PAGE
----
Matt Kemp, Juan Rivera, Juan Uribe, and Jerry Hairston Jr. are on the disabled list and A.J. Ellis, James Loney, Dee Gordon, and Mark Ellis are getting the night off, so the Dodgers’ lineup versus left-hander Clayton Richard and the Padres is really, really ugly:
1. Tony Gwynn Jr., CF
2. Elian Herrera, 2B
3. Bobby Abreu, LF
4. Andre Ethier, RF
5. Jerry Sands, 1B
6. Justin Sellers, SS
7. Adam Kennedy, 3B
8. Matt Treanor, C
Gwynn and his .320 career on-base percentage are leading off, Abreu is hitting third a week after being released by the Angels, Herrera batting second and Sands batting fifth were just called up from the minors, and aside from Ethier the lineup as a whole looks a lot more like a third-place Triple-A team than a first-place MLB team.
And because baseball is baseball, they’ll probably score 10 runs tonight.
Rick Morissey of the Chicago Sun-Times published an article on Sunday giving a bit of insight into Cubs president of baseball operations Theo Epstein. When Epsten was younger, he dabbled in sportswriting, but quickly realized the trade wasn’t for him.
As Morissey details, when Epstein was 19 years old writing for Yale’s student newspaper, he wrote an article suggesting the school’s football coach should be fired during what would become a 3-7 season. Epstein was told during the meeting that one writer would defend the coach and one would call for his job. “It was a lesson in the way that the world of journalism sometimes works. It was an eye-opener for me. I regret it, and I’ve happily moved on.”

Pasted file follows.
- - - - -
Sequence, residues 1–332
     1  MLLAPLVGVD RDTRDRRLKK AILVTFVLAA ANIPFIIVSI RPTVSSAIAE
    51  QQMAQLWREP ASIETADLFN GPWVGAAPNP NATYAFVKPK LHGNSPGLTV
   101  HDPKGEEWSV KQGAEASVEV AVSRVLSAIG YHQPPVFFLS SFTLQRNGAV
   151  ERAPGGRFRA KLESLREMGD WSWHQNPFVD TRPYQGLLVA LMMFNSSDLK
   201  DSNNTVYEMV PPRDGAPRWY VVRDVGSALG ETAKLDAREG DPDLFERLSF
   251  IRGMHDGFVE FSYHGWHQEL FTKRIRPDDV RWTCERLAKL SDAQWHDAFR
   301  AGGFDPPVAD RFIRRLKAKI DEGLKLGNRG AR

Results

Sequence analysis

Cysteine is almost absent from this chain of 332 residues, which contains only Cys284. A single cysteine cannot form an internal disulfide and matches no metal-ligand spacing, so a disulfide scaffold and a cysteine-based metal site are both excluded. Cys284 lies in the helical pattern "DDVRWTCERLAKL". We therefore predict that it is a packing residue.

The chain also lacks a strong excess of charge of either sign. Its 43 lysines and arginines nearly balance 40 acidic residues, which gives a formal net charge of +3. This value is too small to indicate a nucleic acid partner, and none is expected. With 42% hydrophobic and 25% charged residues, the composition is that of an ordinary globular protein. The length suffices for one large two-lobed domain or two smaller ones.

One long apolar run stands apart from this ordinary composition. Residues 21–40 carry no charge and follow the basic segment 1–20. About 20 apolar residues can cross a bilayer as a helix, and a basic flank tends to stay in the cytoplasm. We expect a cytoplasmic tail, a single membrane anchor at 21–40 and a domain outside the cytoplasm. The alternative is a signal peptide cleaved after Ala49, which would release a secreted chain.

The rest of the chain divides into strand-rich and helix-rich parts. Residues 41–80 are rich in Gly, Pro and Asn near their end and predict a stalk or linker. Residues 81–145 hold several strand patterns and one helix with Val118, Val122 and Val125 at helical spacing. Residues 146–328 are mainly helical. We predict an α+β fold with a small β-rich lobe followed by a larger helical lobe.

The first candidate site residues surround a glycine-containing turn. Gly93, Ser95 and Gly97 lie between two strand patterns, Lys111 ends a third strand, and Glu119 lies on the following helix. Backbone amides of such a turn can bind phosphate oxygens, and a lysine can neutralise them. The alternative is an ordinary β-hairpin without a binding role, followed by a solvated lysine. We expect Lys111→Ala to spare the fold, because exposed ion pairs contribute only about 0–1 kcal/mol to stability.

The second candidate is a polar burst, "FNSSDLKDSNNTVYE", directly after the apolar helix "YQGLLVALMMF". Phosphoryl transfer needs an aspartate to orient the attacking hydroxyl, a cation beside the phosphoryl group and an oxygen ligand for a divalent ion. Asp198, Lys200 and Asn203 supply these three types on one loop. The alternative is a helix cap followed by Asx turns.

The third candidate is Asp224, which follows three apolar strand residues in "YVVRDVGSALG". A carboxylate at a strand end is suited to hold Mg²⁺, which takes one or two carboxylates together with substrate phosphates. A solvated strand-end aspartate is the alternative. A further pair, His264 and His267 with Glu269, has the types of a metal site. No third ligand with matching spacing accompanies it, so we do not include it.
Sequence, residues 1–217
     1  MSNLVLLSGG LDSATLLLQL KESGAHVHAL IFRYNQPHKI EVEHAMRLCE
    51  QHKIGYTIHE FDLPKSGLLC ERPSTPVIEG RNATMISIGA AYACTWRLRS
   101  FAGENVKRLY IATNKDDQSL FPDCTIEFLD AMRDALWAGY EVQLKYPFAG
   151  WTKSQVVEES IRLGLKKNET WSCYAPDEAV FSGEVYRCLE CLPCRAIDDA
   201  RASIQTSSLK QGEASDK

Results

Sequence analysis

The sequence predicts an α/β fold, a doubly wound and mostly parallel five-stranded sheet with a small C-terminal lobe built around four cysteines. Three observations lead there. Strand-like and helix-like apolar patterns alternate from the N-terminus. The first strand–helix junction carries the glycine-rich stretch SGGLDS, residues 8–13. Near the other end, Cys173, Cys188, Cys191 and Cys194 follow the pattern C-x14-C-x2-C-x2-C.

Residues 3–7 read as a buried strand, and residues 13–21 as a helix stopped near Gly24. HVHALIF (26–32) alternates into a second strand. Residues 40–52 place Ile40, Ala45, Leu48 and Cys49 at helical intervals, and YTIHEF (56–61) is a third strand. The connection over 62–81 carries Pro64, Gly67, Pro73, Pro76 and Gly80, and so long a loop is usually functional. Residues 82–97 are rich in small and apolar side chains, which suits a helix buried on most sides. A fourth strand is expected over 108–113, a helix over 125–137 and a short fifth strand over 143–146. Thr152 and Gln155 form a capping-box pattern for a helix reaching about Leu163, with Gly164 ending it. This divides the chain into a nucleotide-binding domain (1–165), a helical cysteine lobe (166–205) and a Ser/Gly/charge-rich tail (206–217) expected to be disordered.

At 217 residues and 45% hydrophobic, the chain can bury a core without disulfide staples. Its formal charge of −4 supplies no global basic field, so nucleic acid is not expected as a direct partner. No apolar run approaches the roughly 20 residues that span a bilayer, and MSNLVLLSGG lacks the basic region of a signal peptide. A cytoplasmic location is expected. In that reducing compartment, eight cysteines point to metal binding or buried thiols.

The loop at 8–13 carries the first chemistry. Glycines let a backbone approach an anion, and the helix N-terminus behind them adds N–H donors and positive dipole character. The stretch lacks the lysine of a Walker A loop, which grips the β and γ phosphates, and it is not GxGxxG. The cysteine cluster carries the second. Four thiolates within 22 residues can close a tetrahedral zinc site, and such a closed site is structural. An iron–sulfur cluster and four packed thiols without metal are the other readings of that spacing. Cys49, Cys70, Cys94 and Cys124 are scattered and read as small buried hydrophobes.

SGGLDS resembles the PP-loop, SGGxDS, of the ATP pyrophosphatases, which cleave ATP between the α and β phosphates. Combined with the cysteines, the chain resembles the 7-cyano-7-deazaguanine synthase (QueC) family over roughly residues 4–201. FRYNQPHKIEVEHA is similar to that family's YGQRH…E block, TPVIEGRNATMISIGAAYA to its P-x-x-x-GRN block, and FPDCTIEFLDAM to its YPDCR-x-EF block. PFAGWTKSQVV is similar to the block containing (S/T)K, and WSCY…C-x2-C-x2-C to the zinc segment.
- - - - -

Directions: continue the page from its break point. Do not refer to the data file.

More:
Epstein continued, “I realized I didn’t want to be a sportswriter when I was interning with the Orioles back in ’92, ’93, ’94. I did do a lot of media-relations stuff, and I saw that the life of a sportswriter is pretty lonely. You kind of work by yourself, sit there by yourself in the press box, go back to the hotel bar. Not to generalize.” He added, “But I really respect writing and respect sportswriters.”
He’s not wrong, and he seems to have found his calling as a front office executive. His Cubs are back in the World Series for the first time since 1945.
Indians second baseman Jason Kipnis tweeted on Sunday, “Got a little too close to [Francisco Lindor] during the celebration!! Freak accident but should be good to go by Tuesday! #cantkeepmeoutofthisgame!”
Per MLB.com’s Jordan Bastian, manager Terry Francona said Kipnis is dealing with a low ankle sprain, but he’s expected to be ready to go when the World Series begins on Tuesday. Kipnis went through fielding drills on Sunday.
Kipnis is hitting .167/.219/.367 with a pair of homers and four RBI in eight games this postseason.